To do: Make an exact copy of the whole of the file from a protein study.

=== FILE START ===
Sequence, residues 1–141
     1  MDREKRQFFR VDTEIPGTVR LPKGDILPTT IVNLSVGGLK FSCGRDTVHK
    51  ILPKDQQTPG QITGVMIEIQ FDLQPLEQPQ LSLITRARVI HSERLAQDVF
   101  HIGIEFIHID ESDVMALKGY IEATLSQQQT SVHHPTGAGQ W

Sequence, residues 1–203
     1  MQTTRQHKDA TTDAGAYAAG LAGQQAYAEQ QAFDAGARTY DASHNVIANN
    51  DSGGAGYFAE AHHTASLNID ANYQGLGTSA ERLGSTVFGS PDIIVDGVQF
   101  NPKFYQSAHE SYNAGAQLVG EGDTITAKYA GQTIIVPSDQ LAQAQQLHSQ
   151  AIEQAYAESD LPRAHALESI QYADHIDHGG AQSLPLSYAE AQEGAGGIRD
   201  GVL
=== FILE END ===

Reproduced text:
Sequence, residues 1–141
     1  MDREKRQFFR VDTEIPGTVR LPKGDILPTT IVNLSVGGLK FSCGRDTVHK
    51  ILPKDQQTPG QITGVMIEIQ FDLQPLEQPQ LSLITRARVI HSERLAQDVF
   101  HIGIEFIHID ESDVMALKGY IEATLSQQQT SVHHPTGAGQ W

Sequence, residues 1–203
     1  MQTTRQHKDA TTDAGAYAAG LAGQQAYAEQ QAFDAGARTY DASHNVIANN
    51  DSGGAGYFAE AHHTASLNID ANYQGLGTSA ERLGSTVFGS PDIIVDGVQF
   101  NPKFYQSAHE SYNAGAQLVG EGDTITAKYA GQTIIVPSDQ LAQAQQLHSQ
   151  AIEQAYAESD LPRAHALESI QYADHIDHGG AQSLPLSYAE AQEGAGGIRD
   201  GVL